Romain Dolbeau: HPC Expert at Bull

Romain Dolbeau works as an HPC Expert at the Center of Excellence in Parallel Computing of Bull, an Atos company. In this role, he works with pre-sales and support teams to help Atos customers fully leverage the computing power and energy savings brought by many-core technologies.

Romain Dolbeau   Word cloud

Romain, tell us a bit about yourself.

I grew up in a Paris suburb where I discovered computing at a young age from a primary school substitute teacher. I later studied computer science at the Université Paris Sud, before moving to Rennes to work on a PhD in computer architecture under Prof. André Seznec at the ENS Cachan (now the ENS de Bretagne).

How did your career path lead you to where you are now? How did you move into HPC?

It was during my PhD work that I co-founded the compiler company CAPS entreprise with other students, research engineers and Prof. François Bodin. I joined CAPS as an employee, both as a system administrator and also as the computer architecture guy among the many compiler experts.

It was during this decade at CAPS that I really discovered HPC. The focus of the company quickly moved from general-purpose and embedded compilers to HPC, in particular when we introduced the first directives-based programming model for hybrid computing, HMPP, in 2007.

Most of the early adopters of the technologies (hybrid computing and HMPP) were large-scale HPC users, and we had to understand their needs to best serve them and improve our brand-new technology.

Ultimately, I became a pure HPC expert, working with our customers and partners to get the best out of their hardware and software investment.

So what does your job involve?

I joined Bull, now an Atos company, as an HPC Expert after the end of CAPS. As such, I again work with our customers, partners and other teams at Atos to fully leverage their hardware for HPC. There are different aspects to this, depending on the specific project.

Some clients are in need of training. They are experts in their own fields – which might be quantum physics, hydrodynamics, or climate prediction – but not necessarily in computer science. Therefore I need to train them to a varying degree of expertise in the fields that are relevant to HPC: hardware, compilers, parallelism, etc. Some might only need an entry-level course to avoid beginner’s mistakes, while others may apply for multiple days of intensive training in vectorisation, cache exploitation, and so on. The goal is for them to be able to create their new numerical codes in a way better suited to the underlying hardware, and to be able to do their science faster.

Other clients are in need of expertise or consulting work. The code is there, they are knowledgeable in the required subjects, but they want even more from their hardware. I work with them to study their codes, and adapt them to the current – or future – hardware. Sometimes minimal changes are required, sometimes entire parts of the code need to be updated to fit the machine. This requires up-to-date knowledge of the hardware and the software tools and can be quite challenging since some of the customers are already experts themselves.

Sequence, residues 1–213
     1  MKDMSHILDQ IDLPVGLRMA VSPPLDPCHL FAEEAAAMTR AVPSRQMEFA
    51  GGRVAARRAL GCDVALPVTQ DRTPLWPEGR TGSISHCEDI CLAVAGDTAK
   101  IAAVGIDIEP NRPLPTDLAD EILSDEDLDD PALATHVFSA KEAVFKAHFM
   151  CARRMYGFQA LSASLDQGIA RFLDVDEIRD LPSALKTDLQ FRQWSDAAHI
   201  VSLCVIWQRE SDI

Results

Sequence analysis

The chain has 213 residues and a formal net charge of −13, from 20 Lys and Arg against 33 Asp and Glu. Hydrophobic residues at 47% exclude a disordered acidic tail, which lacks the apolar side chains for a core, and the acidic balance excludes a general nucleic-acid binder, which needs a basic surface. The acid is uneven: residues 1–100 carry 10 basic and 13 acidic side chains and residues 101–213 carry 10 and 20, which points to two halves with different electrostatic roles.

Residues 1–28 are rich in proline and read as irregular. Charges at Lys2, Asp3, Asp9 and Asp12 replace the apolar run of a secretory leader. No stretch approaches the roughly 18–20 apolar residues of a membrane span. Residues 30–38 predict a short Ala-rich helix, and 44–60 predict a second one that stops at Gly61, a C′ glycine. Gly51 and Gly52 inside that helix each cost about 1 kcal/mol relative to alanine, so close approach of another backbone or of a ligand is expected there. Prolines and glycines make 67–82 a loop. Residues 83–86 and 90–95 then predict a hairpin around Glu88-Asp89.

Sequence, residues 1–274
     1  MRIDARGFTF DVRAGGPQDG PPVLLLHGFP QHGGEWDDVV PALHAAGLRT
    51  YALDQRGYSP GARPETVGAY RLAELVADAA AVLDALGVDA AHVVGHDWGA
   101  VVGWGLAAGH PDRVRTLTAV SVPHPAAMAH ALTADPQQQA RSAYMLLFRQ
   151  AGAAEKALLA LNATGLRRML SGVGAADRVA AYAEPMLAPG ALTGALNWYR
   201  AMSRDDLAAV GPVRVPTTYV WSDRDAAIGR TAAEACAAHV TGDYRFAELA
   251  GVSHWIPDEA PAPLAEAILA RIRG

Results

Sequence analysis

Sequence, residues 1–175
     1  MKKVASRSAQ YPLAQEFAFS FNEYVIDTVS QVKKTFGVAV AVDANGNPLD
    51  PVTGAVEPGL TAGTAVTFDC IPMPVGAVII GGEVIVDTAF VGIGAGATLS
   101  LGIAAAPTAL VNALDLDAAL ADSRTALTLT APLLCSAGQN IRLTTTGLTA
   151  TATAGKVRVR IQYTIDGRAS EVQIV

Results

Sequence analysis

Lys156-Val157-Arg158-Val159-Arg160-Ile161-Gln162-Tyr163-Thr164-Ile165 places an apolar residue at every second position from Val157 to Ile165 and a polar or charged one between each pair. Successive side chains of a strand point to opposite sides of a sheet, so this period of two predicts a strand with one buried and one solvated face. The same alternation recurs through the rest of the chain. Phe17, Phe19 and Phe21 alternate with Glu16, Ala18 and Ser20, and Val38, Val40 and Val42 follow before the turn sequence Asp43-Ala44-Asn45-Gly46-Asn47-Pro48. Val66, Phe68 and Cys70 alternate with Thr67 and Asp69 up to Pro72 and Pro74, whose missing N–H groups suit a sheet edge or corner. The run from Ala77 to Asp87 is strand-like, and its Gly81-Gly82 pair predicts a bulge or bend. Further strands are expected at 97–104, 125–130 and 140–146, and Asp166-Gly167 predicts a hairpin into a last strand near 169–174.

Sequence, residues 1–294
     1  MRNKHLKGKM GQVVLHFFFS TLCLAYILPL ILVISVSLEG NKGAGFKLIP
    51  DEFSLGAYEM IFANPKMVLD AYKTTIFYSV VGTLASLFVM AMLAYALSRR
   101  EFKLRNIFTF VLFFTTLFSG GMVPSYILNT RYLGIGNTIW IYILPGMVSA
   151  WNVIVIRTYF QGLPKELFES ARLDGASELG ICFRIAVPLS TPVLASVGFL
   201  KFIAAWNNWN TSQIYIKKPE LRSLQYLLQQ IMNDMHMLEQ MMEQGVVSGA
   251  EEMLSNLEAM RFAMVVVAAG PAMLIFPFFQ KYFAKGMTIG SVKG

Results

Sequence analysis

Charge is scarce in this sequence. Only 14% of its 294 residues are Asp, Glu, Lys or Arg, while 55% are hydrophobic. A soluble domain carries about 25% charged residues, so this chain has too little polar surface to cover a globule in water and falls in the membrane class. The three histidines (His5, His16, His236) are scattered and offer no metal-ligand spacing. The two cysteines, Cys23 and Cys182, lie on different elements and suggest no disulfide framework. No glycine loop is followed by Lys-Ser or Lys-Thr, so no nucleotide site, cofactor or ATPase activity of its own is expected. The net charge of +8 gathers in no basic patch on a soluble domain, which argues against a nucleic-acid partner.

TGCC computing centre   CURIE, a Bull supercomputer at the Très Grand Centre de Calcul (TGCC), near Paris.

The Très Grand Centre de Calcul (TGCC), near Paris (left) and CURIE, a Bull supercomputer at the TGCC. Copyright: Cadam/CEA

What are the exciting aspects of working in an HPC-related career?

I need to constantly study the state of the art in my field to keep up with innovations and methodologies, so that I can have up-to-date answers for our customers. And since those customers come from every background, there is always something new to learn from them and new challenges born from different requirements.

Where do you see your career leading you next, and what is your outlook on the use of HPC in your field?

HPC has only become bigger and more relevant since I started in the field. It is not only numerical simulations which have become ubiquitous in every science and every industrial process, but also all the data-mining algorithms, deep-learning algorithms and so on from the social networking and internet-of-things era. All of them require massive amounts of computation.

So at least in the near future, I see my job as being broadly similar to what it is now. The technologies are constantly evolving, so that yesterday’s advice might be tomorrow’s mistake – or vice versa. Hybrid computing is common in the high-end now but was non-existent less than a decade ago. GPUs are ubiquitous, but alternatives, such as the Xeon Phi or PEZY-SC, are challenging them. The debate between proponents of many small cores and supporters of a few large cores is as intense at it ever was. Non-volatile memory is rising fast and threatening assumptions common in many user codes and perhaps even operating systems. Optical communication is shaking things up by moving from fibre optics to silicon photonics. The leadership of Intel in conventional CPUs is under threat by the manufacturers of mobile devices.

So even with the same job description, the ever-changing landscape of HPC is what keeps it interesting for me.

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